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1 song at a time?

Discussion in 'Recording' started by sammyg, Dec 30, 2004.

  1. sammyg

    sammyg Active Member

    Dec 12, 2003
    hi all,

    just curious to know, if you have a band come in to record 4 or 5 songs do you tackle one song at a time or lay down the drums for all the songs 1st. I usualy lay down all the drums 1st but am curious to hear from others. I've been doing it that way so the drums remain the same for all the tracks but now im starting to think, hey.....why not do 1 song at a time, if the songs had different tones to them it may add to the feel and sound of the EP as a whole? Bit of contrast maybe?

    anyway, just curious to know anyones 1st hand pro's and cons!


  2. Massive Mastering

    Massive Mastering Distinguished Member

    Jul 18, 2004
    Chicago area, IL, USA
    Home Page:
    If I can get all the drums down without moving a thing, I tend to go that route. Same with just about everything else for that matter.

    The pros are easy - Consistency. Things tend to sound similar from song to song.

    The cons - Consistency. Things tend to sound similar from song to song.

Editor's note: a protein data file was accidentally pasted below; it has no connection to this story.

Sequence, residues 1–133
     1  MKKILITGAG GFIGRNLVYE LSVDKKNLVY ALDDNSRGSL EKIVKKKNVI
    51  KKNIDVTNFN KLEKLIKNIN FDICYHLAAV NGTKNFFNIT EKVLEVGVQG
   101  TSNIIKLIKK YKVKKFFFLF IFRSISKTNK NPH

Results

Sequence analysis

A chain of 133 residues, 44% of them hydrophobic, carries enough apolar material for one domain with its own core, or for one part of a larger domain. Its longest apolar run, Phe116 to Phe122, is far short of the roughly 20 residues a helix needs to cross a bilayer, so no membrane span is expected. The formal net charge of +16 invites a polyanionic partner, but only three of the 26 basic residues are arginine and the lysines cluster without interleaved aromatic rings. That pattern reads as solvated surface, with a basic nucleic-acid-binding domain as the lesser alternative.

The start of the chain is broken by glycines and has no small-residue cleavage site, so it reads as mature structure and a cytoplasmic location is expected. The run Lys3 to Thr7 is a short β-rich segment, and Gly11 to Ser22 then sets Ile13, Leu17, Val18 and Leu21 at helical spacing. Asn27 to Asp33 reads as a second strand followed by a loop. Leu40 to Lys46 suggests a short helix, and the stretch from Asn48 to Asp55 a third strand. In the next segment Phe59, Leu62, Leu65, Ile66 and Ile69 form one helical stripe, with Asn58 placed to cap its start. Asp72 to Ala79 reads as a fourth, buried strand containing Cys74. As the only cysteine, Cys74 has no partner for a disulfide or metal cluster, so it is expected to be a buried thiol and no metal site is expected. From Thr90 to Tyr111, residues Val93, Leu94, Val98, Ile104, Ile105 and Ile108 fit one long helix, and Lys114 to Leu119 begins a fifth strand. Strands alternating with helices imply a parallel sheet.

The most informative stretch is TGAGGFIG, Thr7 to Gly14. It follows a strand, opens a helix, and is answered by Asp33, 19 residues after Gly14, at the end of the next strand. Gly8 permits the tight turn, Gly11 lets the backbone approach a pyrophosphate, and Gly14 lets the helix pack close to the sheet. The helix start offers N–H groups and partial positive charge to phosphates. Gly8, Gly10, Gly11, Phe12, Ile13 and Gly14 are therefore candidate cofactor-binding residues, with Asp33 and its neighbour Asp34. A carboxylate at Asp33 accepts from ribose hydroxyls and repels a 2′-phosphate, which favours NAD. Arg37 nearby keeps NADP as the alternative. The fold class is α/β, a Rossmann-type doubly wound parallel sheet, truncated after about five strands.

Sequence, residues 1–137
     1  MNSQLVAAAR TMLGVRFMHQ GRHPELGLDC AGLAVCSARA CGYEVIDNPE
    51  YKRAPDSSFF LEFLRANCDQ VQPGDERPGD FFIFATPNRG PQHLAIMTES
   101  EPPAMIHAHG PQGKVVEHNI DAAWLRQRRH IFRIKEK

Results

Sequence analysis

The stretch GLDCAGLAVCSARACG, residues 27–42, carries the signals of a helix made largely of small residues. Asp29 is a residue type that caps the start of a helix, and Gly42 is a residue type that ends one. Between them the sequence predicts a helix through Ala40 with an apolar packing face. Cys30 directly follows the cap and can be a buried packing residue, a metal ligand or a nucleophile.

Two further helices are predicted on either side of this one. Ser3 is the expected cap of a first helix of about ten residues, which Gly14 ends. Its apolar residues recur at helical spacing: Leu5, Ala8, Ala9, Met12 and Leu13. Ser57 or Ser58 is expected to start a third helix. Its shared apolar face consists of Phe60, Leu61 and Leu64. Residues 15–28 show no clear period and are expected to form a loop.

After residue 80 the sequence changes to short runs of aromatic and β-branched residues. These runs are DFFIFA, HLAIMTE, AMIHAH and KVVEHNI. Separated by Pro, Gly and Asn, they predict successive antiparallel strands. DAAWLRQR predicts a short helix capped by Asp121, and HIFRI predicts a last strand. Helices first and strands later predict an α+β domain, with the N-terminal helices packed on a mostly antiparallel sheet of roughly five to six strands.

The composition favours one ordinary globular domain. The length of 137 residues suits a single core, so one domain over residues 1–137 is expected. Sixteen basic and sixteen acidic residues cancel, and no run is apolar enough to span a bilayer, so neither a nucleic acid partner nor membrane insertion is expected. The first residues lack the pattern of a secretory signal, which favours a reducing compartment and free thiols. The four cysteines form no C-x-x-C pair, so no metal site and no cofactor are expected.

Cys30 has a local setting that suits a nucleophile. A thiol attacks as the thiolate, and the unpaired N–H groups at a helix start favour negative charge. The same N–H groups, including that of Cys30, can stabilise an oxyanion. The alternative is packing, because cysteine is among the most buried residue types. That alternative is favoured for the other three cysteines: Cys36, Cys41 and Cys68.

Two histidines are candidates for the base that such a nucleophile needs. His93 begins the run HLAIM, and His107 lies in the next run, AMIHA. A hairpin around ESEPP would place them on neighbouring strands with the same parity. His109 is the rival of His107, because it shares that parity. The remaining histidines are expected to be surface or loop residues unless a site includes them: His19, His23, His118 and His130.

However, it certainly is nice at mixdown when you can use a similar "starting template" from song to song.
  3. johnwy

    johnwy Well-Known Member

    Jan 6, 2003
    Smithtown, NY
    Home Page:
    The only band I know of that does one song at a time was Steely Dan. It would take them about 4 to 6 weeks to finish a song from tracking to mixing. When you have engineers like Elliott Schiener and Roger Nichols tracking them and a virtually unlimited budget, I'm sure that it wouldn't be that tough to keep the basics pretty consistant.

    I personally like the idea of treating each song as sort of its own entity. It would be a nice change from the predictable tracking/overdub/mix the entire project protocol everybody is so accustomed to.

    However, none of the bands that I have worked with lately have a humongous budget so the basics (drums and bass at least) will usually be done in one or two sessions depending on the number of songs and how the band plays in a recording environment. Also, having the "template" that John spoke of will speed up mixing time since the budget is usually depleted at that point.

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